The Mummy in Shanghai

The Mummy Returns

The entrance of Zhongshan Park

Ever since the May holiday, Shanghai’s Zhongshan Park has been housing a big The Mummy Returns promotional activity. It’s like a mini Egypt-themed fair. The main entrance of the park is all Egypted out, and a huge-screen (but low-res) TV has been installed which shows nonstop The Mummy Returns clips, interspersed with advertisements for the mummy fair going on inside the park. Each ticket costs a ridiculous 80 rmb per person.

After you pay, you head into the park and find the mummy section. If you’re unlucky there’s a line. (There were really long lines all throughout the first week of May, but there rarely are now.) You’re herded into the mummy’s temple, a sort of Egypt-themed haunted house. The haunted house was actually quite well done. The best part was all the workers inside dressed up like statues (they really did look like statues). They would remain motionless for a while, and then suddenly come to life, totally freaking people out. Good stuff.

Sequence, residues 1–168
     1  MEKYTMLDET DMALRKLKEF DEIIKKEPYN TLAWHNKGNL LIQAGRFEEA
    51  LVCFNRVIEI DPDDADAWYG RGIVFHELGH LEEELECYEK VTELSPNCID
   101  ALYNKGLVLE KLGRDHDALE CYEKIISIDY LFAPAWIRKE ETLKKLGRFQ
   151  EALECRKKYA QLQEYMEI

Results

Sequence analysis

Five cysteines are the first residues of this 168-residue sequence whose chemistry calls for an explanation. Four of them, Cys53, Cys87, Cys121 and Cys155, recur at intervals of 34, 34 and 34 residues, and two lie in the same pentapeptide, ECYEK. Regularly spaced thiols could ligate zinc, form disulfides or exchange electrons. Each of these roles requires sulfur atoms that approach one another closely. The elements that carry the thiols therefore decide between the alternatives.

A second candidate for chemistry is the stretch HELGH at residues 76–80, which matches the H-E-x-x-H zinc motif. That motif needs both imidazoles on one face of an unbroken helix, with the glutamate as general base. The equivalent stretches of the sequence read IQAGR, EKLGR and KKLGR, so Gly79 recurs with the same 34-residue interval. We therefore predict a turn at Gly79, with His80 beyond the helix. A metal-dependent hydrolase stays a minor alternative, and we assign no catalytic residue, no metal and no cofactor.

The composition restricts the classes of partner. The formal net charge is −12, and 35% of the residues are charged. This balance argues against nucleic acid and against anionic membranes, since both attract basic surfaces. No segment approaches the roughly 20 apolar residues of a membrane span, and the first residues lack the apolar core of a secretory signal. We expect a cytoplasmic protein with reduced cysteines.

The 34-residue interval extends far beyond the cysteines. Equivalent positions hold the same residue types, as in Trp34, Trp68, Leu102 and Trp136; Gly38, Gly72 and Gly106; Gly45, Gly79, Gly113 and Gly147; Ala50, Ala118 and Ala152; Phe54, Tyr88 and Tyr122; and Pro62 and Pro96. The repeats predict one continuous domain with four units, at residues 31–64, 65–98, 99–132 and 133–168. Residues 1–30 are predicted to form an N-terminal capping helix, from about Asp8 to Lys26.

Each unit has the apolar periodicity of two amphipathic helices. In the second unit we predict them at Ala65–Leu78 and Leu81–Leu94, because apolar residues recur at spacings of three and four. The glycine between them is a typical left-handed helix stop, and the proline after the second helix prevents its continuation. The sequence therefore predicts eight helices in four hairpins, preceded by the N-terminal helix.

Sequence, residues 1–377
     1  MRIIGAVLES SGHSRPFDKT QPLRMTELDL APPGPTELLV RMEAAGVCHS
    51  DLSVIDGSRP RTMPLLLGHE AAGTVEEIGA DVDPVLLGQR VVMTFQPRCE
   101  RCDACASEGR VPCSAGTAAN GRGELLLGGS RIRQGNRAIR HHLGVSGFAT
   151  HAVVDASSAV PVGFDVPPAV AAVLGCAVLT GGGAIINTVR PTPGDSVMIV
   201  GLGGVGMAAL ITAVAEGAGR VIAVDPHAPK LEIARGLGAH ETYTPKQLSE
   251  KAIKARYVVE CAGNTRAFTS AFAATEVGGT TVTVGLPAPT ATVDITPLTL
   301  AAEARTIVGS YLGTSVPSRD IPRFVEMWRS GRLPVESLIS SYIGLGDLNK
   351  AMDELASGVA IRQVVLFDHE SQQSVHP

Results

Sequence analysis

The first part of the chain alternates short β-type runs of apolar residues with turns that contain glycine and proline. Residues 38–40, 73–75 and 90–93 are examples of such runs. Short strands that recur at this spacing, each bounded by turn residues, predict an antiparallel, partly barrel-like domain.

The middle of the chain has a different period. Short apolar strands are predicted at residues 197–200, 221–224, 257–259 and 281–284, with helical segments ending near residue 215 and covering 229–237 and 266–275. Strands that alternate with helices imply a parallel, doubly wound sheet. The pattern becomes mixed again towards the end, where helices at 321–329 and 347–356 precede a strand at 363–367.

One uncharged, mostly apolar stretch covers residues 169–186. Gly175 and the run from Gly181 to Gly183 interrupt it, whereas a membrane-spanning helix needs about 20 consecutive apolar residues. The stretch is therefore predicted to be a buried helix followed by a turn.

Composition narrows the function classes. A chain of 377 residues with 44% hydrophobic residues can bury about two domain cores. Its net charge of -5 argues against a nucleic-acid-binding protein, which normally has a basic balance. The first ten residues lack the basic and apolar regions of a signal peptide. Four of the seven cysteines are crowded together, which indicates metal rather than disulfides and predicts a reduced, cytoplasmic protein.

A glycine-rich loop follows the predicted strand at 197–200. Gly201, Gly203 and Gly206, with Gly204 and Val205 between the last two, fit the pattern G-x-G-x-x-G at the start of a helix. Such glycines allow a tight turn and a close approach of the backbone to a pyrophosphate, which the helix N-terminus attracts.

carnival games

Carnival games

When you come out you’re in the familiar carnival setting. You are surrounded by booths selling everything from National Geographic videos to The Coffee Bean Tea Leaf refreshments. There are lots of impossible games you can play, paying with expensive tokens for a chance at impossible odds to win a virtually worthless “prize.” The familiar favorites were there: shooting (ridiculously small) hoops, fishing, ring around the bottle, etc. The one game with decent chances was a dart game. You just had to pop balloons with darts to win your crappy prize.

If you’re there at the right time, you may also get to see a live show. Yes, it’s Shanghai’s version of the Egyptian craptacular! When I was there the performances alternated between dances which tried to stay on theme, using Middle Eastern music and costumes, and dances which seemed to appeal to teenagers, using flashy clown colors and pop music. Guess which are which!

The Mummy Returns dancers The Mummy Returns dancers The Mummy Returns dancers The Mummy Returns dancers